Project financed with the contribution of the LIFE+ 2012 financial instrument of the European Community and co-financed by the Italian Ministry of agricultural, food and forestry policies and Marche Region.
First of October 2013 – 30th of September 2018
The impact of fishing activities is considered as the most important anthropogenic mortality factor for marine turtle populations in the Mediterranean Sea. The conservation of Caretta caretta, a priority species included in App. II/IV of the Habitat Directive and protected in various international Conventions, has been representing a strategic issue for the whole Mediterranean basin, with professional fishing being the main threat for the survival of marine turtles.
In the Mediterranean, surface longline, driftnet and bottom trawl nets operating in the Mediterranean are the major threats to the survival of this species, even if the impact of fixed gears (gillnets and trammel nets) should be carefully considered.
Recent estimates report that fishing activities are responsible to the incidental catch of about 130000 marine turtles every year in the Mediterranean, caused by longline (70000), bottom trawl (40000) and fixed net (ca.23000), with over 40000 estimated deaths; official data do not include all existing boats and underestimate the number of small boats, mainly from North Africa countries: therefore, a more realistic number can be set at 200000 catches and 70000 deaths.
Statistics, accounts from fishermen and the increasing number of interventions by Italian Marine Turtles Rescue Centres, therefore, prove the urgent need to combat such phenomenon, which each year causes the injury or death of a wide number of turtles and has a strong negative impact on the conservation of the species, rapidly declining in the Mediterranean area.
As it concerns the bottom trawl, data available for Italian waters suggest a catch of at least 8.500 specimens per year and more than 40.000 capture events, considering that the same turtle can be caught more than one time. North Adriatic Sea with its shallow waters and rich benthic communities is considered as one of the most important feeding habitat in the whole Mediterranean, mainly for the population nesting in Greece. The occurrence of turtles in the north Adriatic is probably due to its relatively shallow waters (<100 m) where turtles in demersal phase are more likely to concentrate. For this area it is possible to estimate annual catch of over than 4.000 specimens, Italian side, and at least 2.500 turtles per year are captured by the Croatian bottom trawlers (although this picture could be underestimated).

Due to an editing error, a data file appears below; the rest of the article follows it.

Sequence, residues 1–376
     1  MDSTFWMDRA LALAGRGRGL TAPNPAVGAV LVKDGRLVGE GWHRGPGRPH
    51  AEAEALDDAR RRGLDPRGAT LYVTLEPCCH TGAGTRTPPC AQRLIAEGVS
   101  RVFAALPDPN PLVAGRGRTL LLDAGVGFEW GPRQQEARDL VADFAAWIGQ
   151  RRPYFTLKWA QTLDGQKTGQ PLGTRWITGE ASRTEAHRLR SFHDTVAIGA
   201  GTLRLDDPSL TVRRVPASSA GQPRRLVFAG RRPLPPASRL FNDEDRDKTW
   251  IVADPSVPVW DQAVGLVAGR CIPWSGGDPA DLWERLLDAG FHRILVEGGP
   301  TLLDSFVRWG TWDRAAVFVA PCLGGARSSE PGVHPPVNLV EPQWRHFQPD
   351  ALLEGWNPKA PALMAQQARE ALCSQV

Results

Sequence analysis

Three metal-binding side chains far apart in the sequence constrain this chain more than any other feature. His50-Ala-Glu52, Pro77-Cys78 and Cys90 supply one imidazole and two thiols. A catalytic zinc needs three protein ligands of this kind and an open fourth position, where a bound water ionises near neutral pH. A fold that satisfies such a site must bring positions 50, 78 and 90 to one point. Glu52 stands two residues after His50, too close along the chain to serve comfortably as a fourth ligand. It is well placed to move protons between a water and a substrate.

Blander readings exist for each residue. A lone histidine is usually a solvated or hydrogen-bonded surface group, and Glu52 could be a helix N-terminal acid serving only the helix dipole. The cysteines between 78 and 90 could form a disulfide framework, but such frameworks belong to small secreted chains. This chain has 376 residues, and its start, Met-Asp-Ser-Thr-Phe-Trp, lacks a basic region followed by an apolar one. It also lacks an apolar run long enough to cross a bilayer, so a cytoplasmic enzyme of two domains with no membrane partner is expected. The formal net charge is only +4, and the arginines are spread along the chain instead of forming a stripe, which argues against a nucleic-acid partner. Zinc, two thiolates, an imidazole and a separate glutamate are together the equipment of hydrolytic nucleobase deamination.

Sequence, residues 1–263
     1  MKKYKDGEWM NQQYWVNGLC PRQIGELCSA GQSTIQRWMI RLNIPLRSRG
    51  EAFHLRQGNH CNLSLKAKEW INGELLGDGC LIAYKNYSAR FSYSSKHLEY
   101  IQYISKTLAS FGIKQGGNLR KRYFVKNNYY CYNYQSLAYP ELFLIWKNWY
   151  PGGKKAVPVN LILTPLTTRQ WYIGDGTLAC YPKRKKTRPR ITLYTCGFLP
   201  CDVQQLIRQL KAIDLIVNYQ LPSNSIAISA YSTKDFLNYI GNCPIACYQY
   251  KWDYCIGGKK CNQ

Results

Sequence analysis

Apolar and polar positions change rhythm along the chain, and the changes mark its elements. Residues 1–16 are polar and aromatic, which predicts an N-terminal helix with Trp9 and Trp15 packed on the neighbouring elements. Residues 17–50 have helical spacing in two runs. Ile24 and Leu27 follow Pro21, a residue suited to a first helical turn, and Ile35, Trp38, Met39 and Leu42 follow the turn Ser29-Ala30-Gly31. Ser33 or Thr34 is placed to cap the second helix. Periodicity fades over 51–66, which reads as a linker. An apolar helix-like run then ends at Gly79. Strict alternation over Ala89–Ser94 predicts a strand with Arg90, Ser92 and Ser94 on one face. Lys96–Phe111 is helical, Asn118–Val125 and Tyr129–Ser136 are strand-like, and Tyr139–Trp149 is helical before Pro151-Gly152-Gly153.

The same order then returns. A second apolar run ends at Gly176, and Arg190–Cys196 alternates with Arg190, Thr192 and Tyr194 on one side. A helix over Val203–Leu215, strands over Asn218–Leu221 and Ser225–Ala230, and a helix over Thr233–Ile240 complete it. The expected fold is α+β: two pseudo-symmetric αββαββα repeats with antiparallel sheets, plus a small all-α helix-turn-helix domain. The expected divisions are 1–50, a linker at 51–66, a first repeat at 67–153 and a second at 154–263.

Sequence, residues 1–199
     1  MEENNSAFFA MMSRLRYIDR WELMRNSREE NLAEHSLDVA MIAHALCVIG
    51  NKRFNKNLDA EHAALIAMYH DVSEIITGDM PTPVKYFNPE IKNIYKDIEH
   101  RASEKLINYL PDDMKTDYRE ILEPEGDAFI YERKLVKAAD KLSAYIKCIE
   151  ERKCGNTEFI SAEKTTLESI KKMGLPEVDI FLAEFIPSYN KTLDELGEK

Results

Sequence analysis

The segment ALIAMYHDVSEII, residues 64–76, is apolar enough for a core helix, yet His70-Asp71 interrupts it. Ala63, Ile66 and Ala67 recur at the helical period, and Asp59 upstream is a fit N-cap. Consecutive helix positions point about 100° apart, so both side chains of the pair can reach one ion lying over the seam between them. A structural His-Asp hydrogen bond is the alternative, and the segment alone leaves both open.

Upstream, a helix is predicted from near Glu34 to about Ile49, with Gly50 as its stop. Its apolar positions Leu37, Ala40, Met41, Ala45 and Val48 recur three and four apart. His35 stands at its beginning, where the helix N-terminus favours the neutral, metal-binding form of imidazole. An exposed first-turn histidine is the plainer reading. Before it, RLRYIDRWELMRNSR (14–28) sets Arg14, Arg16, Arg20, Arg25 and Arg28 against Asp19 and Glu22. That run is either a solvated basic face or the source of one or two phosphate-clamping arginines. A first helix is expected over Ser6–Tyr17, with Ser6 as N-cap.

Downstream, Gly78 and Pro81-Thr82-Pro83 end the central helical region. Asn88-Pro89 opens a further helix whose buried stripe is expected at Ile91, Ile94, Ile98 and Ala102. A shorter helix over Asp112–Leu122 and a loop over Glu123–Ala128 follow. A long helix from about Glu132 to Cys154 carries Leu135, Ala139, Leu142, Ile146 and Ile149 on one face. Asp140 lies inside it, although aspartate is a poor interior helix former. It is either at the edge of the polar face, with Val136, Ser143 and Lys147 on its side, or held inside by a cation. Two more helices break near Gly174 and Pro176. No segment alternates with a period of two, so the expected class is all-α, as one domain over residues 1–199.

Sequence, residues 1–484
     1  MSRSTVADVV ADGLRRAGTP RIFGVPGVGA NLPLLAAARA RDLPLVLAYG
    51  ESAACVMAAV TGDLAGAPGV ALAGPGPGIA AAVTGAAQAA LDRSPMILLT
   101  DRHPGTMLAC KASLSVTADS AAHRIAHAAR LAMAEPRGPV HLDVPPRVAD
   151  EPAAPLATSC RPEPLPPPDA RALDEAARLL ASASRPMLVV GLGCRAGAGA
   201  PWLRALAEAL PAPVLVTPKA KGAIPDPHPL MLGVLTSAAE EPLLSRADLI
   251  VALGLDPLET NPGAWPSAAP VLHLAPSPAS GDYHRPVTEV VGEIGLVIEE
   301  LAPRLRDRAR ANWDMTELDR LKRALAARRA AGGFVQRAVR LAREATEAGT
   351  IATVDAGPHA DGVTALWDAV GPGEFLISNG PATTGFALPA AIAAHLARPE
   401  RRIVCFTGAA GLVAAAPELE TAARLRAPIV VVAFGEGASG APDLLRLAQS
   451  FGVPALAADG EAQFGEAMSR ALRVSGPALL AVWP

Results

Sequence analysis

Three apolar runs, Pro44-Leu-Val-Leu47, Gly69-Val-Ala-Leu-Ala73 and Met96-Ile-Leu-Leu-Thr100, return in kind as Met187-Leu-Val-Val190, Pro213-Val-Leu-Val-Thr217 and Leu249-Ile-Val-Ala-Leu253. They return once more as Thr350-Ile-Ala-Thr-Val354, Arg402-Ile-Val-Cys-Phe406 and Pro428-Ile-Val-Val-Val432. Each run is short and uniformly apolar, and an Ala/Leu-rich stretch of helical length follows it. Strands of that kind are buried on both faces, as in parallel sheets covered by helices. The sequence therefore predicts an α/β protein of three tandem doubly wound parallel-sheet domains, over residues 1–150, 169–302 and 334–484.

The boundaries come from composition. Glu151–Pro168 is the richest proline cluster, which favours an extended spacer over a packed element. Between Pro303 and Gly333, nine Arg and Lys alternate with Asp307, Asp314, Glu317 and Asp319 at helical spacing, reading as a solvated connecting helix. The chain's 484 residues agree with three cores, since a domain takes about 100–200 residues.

The drifting longline deployed for swordfish and tuna-like species is considered as the main threat to marine turtles in the Mediterranean. Over 50.000 specimens are estimated to be bycaught with pelagic longliners. In Italy turtles are mainly caught during the migration from the eastern to the western Mediterranean basin and vice versa through the Straits of Messina and the Strait of Sicily). The two corridors are characterized by high fishing pressure and Italian longliners are estimated to be responsible for 10.000 captures per year.
Fixed nets represent a threat for sea turtles mainly in coastal areas (Lazar et al. 2004a) but the quantification of turtle captures in these widely spread fisheries is very difficult to assess.
In this complicated scenario the TartaLife project aims at reducing sea turtle mortality by reducing bycatches caused by pelagic longline, bottom trawl and fixed nets disseminating circle hooks and TEDs (Turtle Excluder Devices) and testing UV lamps as deterrent for Sea Turtles and a new type of pot. The second goal is to reduce post-capture mortality, by training fishermen and strengthening the Marine turtles First Aid/Rescue Centres.